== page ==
Equity—Builder Pledges

Our pledges are Arts House’s trackable and public-facing commitments and investments towards racial justice. We will report on these commitments annually with oversight by the Equity—Builder working group to stay accountable to our Focus Communities, our stakeholders and ourselves.

Our pledges are guided by the priorities of City of Melbourne’s Inclusive Melbourne Strategy which seeks to realise a vision of a truly inclusive Melbourne over the next 10 years. The Equity—Builder is Arts House’s practical and ambitious enacting of this strategy.

In line with the Inclusive Melbourne Strategy, the Equity—Builder seeks to embed change in our services, staffing, programs and place. It seeks sustainable and fair recovery in our communities from the ongoing impacts of COVID and other seismic shocks related to ongoing colonisation and climate crisis. It aspires towards empowered communities participating in our work.

Prioritising Representation

Representation is driven by the belief that ‘you cannot be what you cannot see’1 .

Though a contested term, representation is a necessary first step toward a horizon of continuous improvement in Arts House’s pro-equity work.

Through the valuing of lived experiences from multiple walks of life across all areas of our work (staffing, leadership, contracting, partnerships and programming), we will strive to better reflect the City and society that we are part of, and recognise the value of arts and culture for all peoples.

This will help preserve, shape, and shift cultural beliefs and attitudes about ourselves and each other, and create a workforce and landscape that is diverse, accessible and attractive to the next generation.



  1. Create equitable and accessible plans, pathways and processes for recruitment, staff retention and workforce development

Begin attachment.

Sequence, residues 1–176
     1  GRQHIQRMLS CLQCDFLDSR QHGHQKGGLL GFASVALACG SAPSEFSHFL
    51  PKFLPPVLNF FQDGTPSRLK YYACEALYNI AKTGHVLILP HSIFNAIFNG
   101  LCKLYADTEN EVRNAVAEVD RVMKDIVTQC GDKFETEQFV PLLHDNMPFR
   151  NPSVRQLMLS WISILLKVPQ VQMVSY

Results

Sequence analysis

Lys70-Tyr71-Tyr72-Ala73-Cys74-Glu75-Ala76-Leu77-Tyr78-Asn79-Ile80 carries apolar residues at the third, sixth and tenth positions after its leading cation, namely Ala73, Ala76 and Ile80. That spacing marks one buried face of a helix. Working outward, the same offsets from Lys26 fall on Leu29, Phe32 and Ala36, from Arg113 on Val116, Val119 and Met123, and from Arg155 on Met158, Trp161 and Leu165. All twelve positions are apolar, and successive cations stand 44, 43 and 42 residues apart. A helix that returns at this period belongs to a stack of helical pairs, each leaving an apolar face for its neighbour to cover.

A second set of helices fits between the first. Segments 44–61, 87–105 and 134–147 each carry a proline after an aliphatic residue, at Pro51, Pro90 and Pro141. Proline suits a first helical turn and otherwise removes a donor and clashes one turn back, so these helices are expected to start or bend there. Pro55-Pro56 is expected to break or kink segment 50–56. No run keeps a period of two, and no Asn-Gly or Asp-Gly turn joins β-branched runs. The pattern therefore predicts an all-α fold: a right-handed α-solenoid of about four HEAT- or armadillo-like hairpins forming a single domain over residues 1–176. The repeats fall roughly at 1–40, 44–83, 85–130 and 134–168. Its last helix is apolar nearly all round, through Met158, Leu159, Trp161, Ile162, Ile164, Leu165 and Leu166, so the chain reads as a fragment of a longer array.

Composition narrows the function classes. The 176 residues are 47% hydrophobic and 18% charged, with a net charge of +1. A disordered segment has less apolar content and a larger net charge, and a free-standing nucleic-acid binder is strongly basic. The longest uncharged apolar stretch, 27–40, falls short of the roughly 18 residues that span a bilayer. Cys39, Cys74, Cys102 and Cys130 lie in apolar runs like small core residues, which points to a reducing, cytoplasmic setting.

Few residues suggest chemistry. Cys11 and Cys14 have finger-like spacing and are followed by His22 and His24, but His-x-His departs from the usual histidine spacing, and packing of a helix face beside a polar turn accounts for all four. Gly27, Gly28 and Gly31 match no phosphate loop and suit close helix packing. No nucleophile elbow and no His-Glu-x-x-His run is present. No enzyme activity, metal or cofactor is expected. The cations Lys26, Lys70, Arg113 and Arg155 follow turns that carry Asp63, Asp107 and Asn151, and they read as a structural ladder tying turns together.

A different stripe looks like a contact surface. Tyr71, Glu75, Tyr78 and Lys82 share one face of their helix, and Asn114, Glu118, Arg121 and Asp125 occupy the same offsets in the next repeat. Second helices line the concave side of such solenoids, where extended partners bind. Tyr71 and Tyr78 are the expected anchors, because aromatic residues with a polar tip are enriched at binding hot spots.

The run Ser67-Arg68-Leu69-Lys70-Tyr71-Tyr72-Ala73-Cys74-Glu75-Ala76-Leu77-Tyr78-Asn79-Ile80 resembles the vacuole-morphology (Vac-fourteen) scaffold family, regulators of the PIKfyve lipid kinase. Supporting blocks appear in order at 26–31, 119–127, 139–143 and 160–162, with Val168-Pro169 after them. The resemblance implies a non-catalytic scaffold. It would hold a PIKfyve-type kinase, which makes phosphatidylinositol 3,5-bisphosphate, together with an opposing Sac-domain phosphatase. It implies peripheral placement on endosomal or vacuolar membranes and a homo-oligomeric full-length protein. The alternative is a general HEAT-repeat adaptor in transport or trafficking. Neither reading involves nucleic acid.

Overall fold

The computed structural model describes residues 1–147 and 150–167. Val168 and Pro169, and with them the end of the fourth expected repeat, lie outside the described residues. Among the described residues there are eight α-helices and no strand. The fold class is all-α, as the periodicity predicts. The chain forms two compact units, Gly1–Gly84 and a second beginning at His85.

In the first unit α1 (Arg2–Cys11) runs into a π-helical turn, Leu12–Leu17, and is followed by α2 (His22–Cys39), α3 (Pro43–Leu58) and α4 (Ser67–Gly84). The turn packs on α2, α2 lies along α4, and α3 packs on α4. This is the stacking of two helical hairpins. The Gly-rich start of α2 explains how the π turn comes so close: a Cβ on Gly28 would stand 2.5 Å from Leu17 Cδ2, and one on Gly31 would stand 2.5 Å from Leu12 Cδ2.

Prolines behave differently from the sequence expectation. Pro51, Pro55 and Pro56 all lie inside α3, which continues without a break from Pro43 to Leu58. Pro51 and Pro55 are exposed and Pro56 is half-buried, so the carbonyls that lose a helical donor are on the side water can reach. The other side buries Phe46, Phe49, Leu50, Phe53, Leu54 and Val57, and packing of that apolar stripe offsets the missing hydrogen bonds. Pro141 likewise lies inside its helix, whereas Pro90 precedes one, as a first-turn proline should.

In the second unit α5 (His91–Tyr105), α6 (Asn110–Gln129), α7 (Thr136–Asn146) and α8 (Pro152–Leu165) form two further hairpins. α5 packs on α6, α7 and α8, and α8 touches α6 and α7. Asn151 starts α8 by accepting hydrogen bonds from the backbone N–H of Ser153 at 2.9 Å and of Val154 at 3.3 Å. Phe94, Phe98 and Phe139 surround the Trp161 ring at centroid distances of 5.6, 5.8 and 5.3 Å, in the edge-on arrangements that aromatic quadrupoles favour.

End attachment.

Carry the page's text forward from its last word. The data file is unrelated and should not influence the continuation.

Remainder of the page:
2. Diversify the database of contractors across all Arts House functions
  3. Leverage Arts House investment to attract additional funding to amplify opportunities for artists and arts workers from Focus Communities
  4. Refresh audience development plans with Focus Communities in view


Upholding Self-Determination

Self-determination refers to an ongoing process of agency, choice and autonomy in all areas of life, including one’s professional sphere.

At Arts House, it is anchored in the belief of ‘nothing about us, without us’. People with lived experience from any community have a fundamental right to their values and beliefs and must play an active role in outputs that affect them, whether they are creative, personal, professional or communal.



  1. Centre the knowledges, perspectives, and aspirations of Traditional Owners, the Wurundjeri Woi Wurrung peoples of the Kulin Nations, across all Arts House functions
  2. Develop and deliver a six year guest curatorial commissioning program that re-imagines the relationship between independent artists/curators and Arts House
  3. Recruit, retain and develop First Nations staffing and leadership at Arts House
  4. Empower self-determined models of storytelling, cultural practices and the making and sharing of new work


Affirming Cultural Safety